This is the Japanese kerria (Kerria japonica ‘Pleniflora’) that is blooming in my front yard. When I first saw this plant last year on the UW campus, it quickly become one of my favorite shrubs. Growing under conifers in shade, the bright green stems arched up and around other plants, and the bright yellow flowers popped out like pure happiness. It tends too look best with a backdrop of shadows or dark evergreen needles but I would be tempted to try this in myriad locations. The buttery pom-poms, while garish to some (Gossler), are small enough that I don’t find them even slightly obnoxious. If you do, this member of the rose family has several cultivars with simpler flowers.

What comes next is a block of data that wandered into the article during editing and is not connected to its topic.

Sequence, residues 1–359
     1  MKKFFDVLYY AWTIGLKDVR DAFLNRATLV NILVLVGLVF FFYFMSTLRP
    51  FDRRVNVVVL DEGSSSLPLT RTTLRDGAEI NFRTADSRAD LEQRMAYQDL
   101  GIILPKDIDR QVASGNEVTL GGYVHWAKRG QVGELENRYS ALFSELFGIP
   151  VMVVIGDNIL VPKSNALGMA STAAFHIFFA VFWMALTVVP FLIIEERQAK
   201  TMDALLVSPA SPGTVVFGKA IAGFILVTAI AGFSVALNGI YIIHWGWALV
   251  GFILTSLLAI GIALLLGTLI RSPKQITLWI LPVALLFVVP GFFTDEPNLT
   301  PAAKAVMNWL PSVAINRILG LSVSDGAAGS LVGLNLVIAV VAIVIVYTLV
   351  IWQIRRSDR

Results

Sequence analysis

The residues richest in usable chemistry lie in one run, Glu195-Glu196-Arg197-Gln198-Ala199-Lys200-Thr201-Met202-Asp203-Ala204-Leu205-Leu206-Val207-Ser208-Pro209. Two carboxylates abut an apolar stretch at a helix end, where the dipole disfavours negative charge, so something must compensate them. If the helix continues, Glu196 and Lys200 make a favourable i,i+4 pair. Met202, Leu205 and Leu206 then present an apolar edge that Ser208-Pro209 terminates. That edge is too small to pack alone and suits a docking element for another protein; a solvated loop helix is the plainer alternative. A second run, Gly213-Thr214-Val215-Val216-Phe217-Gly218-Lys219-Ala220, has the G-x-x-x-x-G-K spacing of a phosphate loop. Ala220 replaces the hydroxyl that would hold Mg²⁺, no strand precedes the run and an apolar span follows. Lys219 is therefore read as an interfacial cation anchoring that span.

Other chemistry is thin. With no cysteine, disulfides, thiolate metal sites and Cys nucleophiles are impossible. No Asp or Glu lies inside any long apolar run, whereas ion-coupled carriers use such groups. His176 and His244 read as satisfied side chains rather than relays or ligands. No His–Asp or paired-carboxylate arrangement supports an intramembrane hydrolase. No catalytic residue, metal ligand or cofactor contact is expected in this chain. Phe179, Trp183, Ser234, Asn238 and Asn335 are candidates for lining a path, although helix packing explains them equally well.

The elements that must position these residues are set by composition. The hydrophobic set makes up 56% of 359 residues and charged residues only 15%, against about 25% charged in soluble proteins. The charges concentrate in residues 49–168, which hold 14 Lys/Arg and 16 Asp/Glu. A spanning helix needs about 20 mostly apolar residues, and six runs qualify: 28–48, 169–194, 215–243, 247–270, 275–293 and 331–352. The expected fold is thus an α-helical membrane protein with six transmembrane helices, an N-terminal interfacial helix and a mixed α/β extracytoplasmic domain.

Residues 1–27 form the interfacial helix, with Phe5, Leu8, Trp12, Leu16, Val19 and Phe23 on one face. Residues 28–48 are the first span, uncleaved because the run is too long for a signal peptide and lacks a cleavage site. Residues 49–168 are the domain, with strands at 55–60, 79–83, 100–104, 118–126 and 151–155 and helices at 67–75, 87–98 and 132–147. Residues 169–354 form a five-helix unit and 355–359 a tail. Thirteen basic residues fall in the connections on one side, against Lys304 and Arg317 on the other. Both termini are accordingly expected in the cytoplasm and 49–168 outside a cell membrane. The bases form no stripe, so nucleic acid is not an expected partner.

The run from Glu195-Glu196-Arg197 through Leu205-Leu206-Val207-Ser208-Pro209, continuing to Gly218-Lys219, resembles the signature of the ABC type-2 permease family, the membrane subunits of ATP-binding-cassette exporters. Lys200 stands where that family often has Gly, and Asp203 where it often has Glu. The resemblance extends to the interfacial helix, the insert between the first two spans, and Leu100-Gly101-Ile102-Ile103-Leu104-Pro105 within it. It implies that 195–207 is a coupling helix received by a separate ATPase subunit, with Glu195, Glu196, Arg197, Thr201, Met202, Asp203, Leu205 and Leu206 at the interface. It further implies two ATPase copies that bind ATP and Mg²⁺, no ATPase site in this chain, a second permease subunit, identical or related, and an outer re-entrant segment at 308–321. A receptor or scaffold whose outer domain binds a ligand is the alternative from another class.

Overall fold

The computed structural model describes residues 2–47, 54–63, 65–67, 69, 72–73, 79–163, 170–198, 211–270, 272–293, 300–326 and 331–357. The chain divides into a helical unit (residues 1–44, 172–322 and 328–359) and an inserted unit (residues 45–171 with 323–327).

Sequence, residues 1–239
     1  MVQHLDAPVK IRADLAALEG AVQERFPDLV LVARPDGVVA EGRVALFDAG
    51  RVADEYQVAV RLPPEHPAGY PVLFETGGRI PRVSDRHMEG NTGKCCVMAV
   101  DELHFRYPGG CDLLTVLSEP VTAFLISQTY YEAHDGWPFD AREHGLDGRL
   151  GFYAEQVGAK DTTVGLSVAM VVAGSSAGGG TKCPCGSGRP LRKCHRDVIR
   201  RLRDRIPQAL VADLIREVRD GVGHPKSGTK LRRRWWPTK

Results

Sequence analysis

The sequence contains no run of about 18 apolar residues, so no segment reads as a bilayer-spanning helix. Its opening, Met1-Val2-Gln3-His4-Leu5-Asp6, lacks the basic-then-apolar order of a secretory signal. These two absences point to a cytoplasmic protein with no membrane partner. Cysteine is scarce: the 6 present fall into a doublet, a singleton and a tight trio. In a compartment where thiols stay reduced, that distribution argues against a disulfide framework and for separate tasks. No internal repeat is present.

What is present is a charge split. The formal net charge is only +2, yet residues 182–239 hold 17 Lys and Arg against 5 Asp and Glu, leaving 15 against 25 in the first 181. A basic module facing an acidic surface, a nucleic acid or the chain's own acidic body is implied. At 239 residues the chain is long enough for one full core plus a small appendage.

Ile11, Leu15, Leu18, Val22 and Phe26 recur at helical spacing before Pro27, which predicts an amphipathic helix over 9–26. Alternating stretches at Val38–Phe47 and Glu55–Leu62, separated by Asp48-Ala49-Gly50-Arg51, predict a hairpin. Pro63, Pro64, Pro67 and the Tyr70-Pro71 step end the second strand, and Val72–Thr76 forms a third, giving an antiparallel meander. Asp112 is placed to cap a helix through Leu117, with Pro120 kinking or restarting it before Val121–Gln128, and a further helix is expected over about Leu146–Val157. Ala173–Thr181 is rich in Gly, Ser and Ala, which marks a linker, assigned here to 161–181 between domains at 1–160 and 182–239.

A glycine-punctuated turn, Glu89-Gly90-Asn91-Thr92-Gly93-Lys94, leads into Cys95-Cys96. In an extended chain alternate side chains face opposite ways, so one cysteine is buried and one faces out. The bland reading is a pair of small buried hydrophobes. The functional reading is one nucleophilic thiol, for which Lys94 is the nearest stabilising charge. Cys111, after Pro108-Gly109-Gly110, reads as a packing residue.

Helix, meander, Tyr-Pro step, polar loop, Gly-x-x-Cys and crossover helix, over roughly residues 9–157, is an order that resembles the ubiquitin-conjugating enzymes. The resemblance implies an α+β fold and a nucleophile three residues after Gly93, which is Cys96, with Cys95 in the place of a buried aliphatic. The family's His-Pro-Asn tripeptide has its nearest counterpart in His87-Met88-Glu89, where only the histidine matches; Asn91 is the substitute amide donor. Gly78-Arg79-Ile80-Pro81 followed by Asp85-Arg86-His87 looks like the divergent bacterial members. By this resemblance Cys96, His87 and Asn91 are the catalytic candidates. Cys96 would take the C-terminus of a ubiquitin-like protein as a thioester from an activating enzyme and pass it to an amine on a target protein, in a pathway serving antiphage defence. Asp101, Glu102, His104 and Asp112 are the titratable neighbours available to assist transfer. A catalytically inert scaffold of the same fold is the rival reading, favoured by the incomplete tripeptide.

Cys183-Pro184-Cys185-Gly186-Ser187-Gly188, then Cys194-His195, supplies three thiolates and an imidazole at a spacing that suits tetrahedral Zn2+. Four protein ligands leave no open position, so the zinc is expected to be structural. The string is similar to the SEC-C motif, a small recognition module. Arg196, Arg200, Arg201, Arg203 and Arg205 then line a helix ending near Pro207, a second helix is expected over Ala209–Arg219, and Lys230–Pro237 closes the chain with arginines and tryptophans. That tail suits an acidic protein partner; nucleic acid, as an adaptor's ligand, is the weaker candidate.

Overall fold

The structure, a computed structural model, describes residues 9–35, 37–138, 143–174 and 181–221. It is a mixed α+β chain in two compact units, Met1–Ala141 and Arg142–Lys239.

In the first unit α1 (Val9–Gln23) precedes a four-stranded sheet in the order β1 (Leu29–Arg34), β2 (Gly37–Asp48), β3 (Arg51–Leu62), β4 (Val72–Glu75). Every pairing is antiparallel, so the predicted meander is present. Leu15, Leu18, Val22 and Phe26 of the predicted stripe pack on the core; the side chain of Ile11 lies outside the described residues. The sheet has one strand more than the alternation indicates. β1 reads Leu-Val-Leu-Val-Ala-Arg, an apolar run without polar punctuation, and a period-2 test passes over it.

I’m not normally swayed by a shrub’s flowers, but bright yellow is hard to deny. (The only perennial I planted from seed this year was Coreopsis lanceolata.) But more than its color, I find the combination of the round, soft tufts and narrow, serrated leaves, to be an unusually complimentary pairing. Like a ready-made corsage.
Once the flowers fade and fall, it grows quickly throughout the summer but it doesn’t do much in the fall. No problem, because the green stems stay bright all year long and reach 8′, maybe higher. So just as you might buy red- or yellow-twig dogwoods for their winter stems, you can turn to kerria for a hit of pure green.
Over the winter, I picked up two on sale and added them to the one I planted last year, in order to create a loose screen from the road. The last picture shows one of the sparse new plants. Still, even on a solitary 5′ stem, the flowers draw out a spring smile and demonstrate how well this plant balances sun and shade.